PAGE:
Boeing's 787 Dreamliner, currently grounded by U.S. and international regulators for a safety issue tied to batteries, is assembled in the United States but made from parts sourced worldwide.
As many as 45 big companies are involved in building the main components -- the fuselage, engine, airframe, bulkhead and tires -- of the $200 million 787 Dreamliner, according to Boeing (. )
And when you account for subcontractors that supply nuts and bolts, electronics and software for the aircraft, the total number of suppliers could be well over a hundred, estimates Richard Aboulafia, aviation analyst and vice president with Teal Group Corp., an industry consulting firm.
The Dreamliner is Boeing's first jetliner whose primary structures -- body and wings -- are built with lightweight composite materials such as graphite, titanium and carbon fiber rather than traditional metals, Aboulafia said.
"This makes the aircraft lighter and more efficent than previous models," he said.
Another big difference, he said, is that the Dreamliner uses mostly electrical power rather than pneumatics to control the aircraft. That power system uses lithium-ion batteries, which are at the center of this week's grounding.
The Dreamliner is assembled at Boeing's two facilities in Everett, Wash., and North Charleston, S.C.
But its parts come from around the world. About 70% are supplied by American companies and 30% are outsourced, said Boeing spokesman Larry Wilson, which is about the same ratio as similar Boeing aircraft. Wilson declined to provide the exact dollar value of parts.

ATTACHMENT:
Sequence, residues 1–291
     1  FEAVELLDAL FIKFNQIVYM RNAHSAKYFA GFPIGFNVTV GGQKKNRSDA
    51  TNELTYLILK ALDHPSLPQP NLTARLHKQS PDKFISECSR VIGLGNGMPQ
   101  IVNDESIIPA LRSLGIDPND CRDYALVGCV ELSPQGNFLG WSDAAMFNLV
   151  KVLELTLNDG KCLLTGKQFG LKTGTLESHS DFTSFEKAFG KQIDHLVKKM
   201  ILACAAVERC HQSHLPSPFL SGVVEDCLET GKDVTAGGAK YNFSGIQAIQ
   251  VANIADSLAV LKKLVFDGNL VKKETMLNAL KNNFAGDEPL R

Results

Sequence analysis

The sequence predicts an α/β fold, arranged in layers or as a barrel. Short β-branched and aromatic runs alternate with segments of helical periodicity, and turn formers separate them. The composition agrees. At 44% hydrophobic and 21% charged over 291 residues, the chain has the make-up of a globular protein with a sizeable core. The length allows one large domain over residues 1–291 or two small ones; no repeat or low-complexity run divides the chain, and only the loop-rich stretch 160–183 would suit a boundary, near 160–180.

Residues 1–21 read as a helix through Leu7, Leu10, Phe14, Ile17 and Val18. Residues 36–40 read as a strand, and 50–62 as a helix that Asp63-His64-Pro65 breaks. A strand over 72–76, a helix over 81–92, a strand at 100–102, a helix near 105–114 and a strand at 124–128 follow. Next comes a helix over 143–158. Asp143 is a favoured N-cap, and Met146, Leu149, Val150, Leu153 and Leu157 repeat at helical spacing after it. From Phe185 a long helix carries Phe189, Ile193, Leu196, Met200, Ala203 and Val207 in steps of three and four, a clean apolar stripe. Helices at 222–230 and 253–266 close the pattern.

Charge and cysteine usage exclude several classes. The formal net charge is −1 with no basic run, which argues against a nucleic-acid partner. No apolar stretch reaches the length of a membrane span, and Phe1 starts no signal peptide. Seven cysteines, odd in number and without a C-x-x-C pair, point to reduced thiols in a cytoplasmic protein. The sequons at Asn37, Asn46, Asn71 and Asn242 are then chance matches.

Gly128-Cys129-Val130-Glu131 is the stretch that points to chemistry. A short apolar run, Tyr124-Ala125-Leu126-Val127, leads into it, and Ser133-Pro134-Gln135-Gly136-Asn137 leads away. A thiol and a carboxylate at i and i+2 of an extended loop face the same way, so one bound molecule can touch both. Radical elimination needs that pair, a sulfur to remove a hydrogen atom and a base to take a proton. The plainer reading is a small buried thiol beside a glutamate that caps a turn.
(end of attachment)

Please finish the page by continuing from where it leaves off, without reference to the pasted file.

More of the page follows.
Among its major American suppliers are Iowa-based Rockwell Collins (, which makes the Dreamliner's communications and pilot control systems; Kansas-based Spirit AeroSystems Holdings, which provides the fuselage parts; )General Electric (, which produces the engines; and )Honeywell (, which supplies the navigation systems and flight control electronics. )
Many of the Dreamliner's other suppliers are based overseas in countries including Japan, Italy, Korea, Germany, the United Kingdom, Sweden and France.
For example, Italian firm Alenia Aeronautica makes the center fuselage, French firm Messier-Dowty makes the aircraft's landing-gear system, German firm Diehl Luftfahrt Elektronik supplies the main cabin lighting, Swedish firm Saab Aerostructures manufactures the access doors and and Japanese company Jamco makes parts for the lavatories, flight deck interiors and galleys.
French firm Thales makes the Dreamliner's electrical power conversion system. Thales selected GS Yuasa, a Japanese firm, in 2005 to supply it with the system's lithium-ion batteries.
Boeing's vendors likely picked the higher-energy, lighter-weight lithium ion batteries -- the same type found in mobile phones and laptops -- to make the Dreamliner's unique electrical architecture function more efficiently, said Aboulafia.